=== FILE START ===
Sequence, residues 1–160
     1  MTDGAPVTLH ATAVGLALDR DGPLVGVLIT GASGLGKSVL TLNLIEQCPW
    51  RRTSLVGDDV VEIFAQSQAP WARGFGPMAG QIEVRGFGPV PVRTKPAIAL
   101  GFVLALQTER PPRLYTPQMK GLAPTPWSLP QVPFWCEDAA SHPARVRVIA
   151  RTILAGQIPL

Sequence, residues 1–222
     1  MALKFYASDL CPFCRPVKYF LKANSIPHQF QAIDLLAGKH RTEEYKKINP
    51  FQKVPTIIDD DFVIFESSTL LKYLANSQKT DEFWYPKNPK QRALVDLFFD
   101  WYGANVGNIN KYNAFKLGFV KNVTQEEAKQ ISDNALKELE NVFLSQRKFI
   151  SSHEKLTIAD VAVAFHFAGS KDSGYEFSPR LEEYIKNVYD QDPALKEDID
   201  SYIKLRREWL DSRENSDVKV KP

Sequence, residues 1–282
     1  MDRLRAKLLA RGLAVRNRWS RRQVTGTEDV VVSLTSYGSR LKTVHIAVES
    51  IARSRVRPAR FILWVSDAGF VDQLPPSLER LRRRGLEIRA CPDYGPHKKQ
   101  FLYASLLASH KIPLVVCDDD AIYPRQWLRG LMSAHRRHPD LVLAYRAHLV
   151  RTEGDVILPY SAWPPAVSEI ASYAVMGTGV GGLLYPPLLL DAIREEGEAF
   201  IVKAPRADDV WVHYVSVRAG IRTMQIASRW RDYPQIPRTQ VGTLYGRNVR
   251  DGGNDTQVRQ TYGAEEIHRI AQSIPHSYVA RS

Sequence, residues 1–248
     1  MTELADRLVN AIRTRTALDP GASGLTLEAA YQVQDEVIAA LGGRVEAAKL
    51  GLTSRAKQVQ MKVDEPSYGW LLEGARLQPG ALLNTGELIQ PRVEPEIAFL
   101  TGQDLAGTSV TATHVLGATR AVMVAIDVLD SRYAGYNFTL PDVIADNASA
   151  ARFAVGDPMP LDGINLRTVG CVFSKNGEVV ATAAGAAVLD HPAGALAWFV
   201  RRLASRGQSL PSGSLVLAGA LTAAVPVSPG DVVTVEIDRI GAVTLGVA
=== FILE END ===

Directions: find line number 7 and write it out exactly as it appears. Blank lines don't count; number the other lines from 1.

     1  MALKFYASDL CPFCRPVKYF LKANSIPHQF QAIDLLAGKH RTEEYKKINP